Avoyelles Police Jury recommends Kerotest expansion tax break

Favors 80% exemption for two five-year periods

It took three meetings for the Avoyelles Police Jury to approve something that nobody opposed.

Juror Henry Moreau said he was a bit embarrassed that it took so long to approve a tax incentive recommendation for Kerotest’s proposed $4.3 million expansion of its valve plant in Mansura.

“This is the third meeting we’ve had on something we all agree on,” he said.

The final recommendation is a little different from previous versions, but the end result is about the same.

The recommendation to the state Board of Commerce & Industry is that Kerotest be given an 80 percent exemption on property tax for the new addition for five years. If it meets its promised goals for the expansion, it would be eligible for another five-year exemption of 80 percent.

In addition, the Police Jury, Sheriff’s Office and Town of Mansura have agreed to reimburse the company 100 percent of all sales/use taxes for construction materials and equipment related to the expansion project during the construction period.

The School Board would participate in the property tax exemption, but would be required by state law to accept the sales tax because the law prohibits the rebating of sales taxes dedicated to public education.

The jury had intended to recommend an 80 percent property tax exemption for eight years. However, there was some concern that the recommendation may not meet the state’s criteria for tax incentives and could result in Kerotest’s application for the incentive to be postponed or rejected.

That, in turn, could result in the company determining the proposed expansion at the Mansura plant would not be financially feasible.

If that happened, the company could opt to expand its plant in Pittsburgh, Pa., to meet the increased demand for its industrial valves.

Kerotest has applied for a 100 percent property tax exemption for five years with an option for three years at 80 percent if it meets its goals.


This area has been “out-incentived” by Pittsburgh in the past.

In 1995, Kerotest was faced with either making expensive upgrades at its 86-year-old plant in Pittsburgh or relocating its entire operation to Mansura and expanding its plant here.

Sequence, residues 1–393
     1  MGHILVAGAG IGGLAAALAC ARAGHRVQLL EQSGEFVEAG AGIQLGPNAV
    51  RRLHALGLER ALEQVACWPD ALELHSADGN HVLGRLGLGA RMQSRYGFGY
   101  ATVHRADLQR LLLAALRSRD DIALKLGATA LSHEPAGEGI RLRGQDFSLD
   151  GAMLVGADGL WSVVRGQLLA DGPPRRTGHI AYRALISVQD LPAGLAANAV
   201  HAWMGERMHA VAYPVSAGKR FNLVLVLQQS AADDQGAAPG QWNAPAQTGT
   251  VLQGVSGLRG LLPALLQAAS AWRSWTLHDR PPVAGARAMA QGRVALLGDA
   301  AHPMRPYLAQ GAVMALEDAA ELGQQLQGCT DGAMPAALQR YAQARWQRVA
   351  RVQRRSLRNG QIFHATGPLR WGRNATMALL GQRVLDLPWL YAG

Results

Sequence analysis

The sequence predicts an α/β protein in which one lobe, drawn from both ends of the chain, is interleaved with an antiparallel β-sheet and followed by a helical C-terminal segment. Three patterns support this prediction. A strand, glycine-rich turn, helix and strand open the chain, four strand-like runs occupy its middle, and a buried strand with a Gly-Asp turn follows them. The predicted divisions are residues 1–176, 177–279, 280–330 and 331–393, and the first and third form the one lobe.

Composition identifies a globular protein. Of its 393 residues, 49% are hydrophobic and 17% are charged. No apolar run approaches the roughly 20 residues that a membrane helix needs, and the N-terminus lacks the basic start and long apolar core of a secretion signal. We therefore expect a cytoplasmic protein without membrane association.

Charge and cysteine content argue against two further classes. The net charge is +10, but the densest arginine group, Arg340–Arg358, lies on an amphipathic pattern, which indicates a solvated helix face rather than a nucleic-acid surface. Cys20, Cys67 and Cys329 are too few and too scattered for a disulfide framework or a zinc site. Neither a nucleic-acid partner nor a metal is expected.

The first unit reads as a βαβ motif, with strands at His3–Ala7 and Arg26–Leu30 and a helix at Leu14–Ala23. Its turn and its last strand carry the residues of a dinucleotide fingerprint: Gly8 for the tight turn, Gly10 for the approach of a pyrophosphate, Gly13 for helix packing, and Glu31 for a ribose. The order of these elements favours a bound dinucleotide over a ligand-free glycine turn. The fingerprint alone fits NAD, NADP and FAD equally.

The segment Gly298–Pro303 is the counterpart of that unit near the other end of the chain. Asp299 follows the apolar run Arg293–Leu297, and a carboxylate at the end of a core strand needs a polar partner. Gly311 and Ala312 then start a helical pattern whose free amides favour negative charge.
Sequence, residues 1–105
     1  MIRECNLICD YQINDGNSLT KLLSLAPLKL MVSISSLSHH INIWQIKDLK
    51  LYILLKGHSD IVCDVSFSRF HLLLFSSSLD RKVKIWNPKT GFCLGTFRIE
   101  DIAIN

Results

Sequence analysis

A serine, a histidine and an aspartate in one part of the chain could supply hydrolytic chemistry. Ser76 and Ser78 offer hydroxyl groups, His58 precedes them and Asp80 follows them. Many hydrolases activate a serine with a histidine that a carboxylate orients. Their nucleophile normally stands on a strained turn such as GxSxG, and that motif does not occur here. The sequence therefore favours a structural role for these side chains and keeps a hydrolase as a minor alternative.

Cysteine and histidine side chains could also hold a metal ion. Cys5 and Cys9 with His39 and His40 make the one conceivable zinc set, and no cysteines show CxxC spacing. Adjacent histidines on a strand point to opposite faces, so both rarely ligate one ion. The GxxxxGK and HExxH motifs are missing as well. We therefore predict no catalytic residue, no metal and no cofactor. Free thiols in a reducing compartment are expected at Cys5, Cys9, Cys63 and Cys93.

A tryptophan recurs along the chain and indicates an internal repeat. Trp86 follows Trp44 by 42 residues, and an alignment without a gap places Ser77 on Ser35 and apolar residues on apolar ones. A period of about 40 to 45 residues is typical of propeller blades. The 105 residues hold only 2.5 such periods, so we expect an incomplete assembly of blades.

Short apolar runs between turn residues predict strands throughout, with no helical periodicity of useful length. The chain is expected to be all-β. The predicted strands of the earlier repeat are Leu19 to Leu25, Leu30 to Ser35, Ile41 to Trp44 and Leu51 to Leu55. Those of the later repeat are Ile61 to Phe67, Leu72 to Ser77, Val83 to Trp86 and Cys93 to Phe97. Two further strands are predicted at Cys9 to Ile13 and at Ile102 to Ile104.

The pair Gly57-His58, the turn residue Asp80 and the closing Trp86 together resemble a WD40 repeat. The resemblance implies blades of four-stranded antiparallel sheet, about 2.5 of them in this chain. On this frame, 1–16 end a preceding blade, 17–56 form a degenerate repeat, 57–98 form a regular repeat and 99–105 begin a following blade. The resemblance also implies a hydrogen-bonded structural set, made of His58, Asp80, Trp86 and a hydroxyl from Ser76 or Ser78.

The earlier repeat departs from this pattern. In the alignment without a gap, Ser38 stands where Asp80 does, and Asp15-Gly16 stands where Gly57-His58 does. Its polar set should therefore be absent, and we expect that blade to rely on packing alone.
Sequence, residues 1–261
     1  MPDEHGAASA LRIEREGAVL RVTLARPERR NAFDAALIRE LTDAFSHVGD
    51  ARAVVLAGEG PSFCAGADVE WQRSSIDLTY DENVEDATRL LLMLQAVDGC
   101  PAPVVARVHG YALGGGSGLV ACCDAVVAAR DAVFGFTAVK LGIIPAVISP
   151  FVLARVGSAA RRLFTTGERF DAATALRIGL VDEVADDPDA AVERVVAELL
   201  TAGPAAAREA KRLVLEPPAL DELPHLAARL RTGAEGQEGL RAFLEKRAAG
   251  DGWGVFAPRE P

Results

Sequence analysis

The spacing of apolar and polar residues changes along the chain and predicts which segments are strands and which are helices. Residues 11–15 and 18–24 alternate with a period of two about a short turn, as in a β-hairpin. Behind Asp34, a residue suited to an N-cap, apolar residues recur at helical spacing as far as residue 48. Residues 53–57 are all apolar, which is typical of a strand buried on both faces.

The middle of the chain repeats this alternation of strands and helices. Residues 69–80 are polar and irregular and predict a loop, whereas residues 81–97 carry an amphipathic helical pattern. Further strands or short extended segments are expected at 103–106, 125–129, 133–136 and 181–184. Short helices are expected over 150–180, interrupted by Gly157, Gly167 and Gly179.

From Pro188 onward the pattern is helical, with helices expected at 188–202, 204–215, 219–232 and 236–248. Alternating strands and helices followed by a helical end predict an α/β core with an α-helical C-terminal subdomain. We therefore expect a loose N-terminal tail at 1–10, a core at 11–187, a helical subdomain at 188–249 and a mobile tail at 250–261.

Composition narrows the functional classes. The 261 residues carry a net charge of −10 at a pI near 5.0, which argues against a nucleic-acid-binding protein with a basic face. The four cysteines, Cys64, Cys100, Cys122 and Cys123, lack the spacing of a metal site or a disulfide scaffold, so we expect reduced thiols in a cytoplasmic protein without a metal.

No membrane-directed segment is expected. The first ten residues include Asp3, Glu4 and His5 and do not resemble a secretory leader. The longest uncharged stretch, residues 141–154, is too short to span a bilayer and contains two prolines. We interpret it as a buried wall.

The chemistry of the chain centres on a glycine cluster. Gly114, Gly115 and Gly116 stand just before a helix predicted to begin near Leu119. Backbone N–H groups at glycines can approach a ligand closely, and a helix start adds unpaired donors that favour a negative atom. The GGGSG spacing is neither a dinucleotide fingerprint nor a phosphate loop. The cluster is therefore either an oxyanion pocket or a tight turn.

Faced with wanting to retain a plant where the company was founded or to make the more economically feasible decision to move and expand at its Mansura plant, the company talked to Pittsburgh city officials about their situation.

Pittsburgh helped secure a $7 million low-interest loan to enable Kerotest to move into a new plant in Pittsburgh.

Had Pittsburgh not made the effort to retain Kerotest through that financial assistance, Mansura would be the company’s headquarters and the plant would be significantly larger.

Police Juror Marsha Wiley pointed out that all of the jurors and elected officials with the other taxing authorities are in favor of a tax incentive package for Kerotest’s expansion project.


“Nobody would be losing any money with this,” Wiley said, “we just would not be getting the additional money for the expansion due to the exemption.”

The taxing bodies would still receive all property and sales taxes they receive from the existing Kerotest plant and operations. The tax incentive applies only to the new addition.

The expansion includes constructing a 30,000 sq. ft. addition to meet the growing demand for its industrial valves, used in natural gas and water utility lines. It would create at least 50 new jobs. There is also the possibility of future expansion if the market remains favorable, company officials said earlier this year.

The construction would cost about $1.5 million. The equipment to operate the expanded operations would cost about $2.8 million.

Police Jury President Charles Jones pointed out that the Board of Commerce & Industry and Gov. John Bel Edwards will make the final decision on the tax incentive package. The local taxing authorities are only being asked for input and a recommendation on whether the incentives should be granted.


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